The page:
JUNEAU, Alaska (KTUU) - 2/6 Update:
As planned, Alaska Sen. Dennis Egan (D-Juneau), announced he won't seek re-election due to a multiple sclerosis diagnosis. He made the announcement on KINY radio.
Alaska Sen. Dennis Egan, one of the Legislature’s most colorful members, and certainly its saltiest, plans to announce his retirement live on radio Tuesday.
He said he will serve out the remainder of his term as a Democratic senator, but he will not stand for re-election in November.
Egan, who will turn 71 in two weeks, said his retirement is related to his health and not any political issue in the Legislature. Egan said he's had multiple sclerosis since 1978, though it was misdiagnosed as an optic nerve problem until MRI technology became common and he was scanned in the early 1980s.
Egan now has trouble with dizziness and his balance, especially around water – a big problem in a tidal community like Juneau. Even walking on a boat dock gives him trouble, he said. Moreover, he told Channel 2 that his health forced him to sell his beloved boat.
His aides say they worry about him falling, especially since he won’t use a cane outside his home.
Egan has been Juneau’s senator since 2009, when he was appointed by Gov. Sarah Palin to take the place of Kim Elton, who left for the Department of the Interior. His father, Bill Egan, was Alaska’s first state governor. Dennis Egan spent years as a radio broadcaster – a position that has always seemed a bit incongruous given the four-letter words that pepper his normal speech. He said he will make his retirement announcement Tuesday morning as a talk-show guest on KINY, which is a radio station he once owned.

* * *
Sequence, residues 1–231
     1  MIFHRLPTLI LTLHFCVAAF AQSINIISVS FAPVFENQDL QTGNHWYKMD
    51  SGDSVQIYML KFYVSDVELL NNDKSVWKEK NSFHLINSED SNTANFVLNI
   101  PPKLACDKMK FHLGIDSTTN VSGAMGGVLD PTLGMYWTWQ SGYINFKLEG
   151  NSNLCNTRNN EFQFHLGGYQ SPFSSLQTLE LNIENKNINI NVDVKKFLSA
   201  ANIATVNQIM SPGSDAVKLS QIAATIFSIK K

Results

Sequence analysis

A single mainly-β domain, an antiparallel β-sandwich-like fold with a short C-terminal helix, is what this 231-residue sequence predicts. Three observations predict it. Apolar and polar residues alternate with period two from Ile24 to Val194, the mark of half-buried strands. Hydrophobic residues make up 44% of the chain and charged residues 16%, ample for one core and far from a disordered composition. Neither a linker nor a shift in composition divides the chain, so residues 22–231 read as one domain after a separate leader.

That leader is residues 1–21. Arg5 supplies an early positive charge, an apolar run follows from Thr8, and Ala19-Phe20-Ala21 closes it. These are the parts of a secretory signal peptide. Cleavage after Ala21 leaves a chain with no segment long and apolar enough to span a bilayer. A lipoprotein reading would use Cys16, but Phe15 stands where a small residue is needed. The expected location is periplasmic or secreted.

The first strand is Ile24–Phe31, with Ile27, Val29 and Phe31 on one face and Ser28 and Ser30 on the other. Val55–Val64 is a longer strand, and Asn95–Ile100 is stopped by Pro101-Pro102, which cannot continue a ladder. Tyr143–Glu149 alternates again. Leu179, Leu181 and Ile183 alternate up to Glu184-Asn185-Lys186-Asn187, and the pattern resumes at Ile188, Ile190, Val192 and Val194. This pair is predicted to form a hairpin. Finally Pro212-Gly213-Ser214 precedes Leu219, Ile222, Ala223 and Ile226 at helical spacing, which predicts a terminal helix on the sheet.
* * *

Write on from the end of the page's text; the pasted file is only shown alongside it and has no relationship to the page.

Egan last faced voters in 2014, when he won a landslide victory against Republican opponent Tom Williams, getting more than 72 percent of the vote. Announcing his retirement now could open the race to competition.
One of his long-time aides, Jesse Kiehl, is in his last term on the assembly of the City and Borough of Juneau, which has term limits. Kiehl declined to discuss his plans out of deference to his boss’ planned radio announcement.
Larry Cotter, an independent and the head of a nonprofit fishing group, the Aleutian Pribilof Island Community Development Assn., filed notice last week with the Alaska Public Offices Commission that he intended to run for the seat in the Democratic primary. Cotter told the Juneau Empire that he was 65 and retiring from his job. His compensation was $337,500, according to APICDA’s 2015 nonprofit tax returns, the most recent available. That was a $12,000 raise from the year before, the nonprofit returns show.
Egan joined the Republican majority caucus in the Senate for the 2013-2014 sessions, and he was rewarded with the chairmanship of the Senate Transportation Committee, which is an important post for the ferry-dependent Southeast. But he’s been in the Senate minority caucus since.
Correction: This story was updated to clarify the fact that although Cotter planned to run in the Democratic primary, he planned to run as an independent candidate.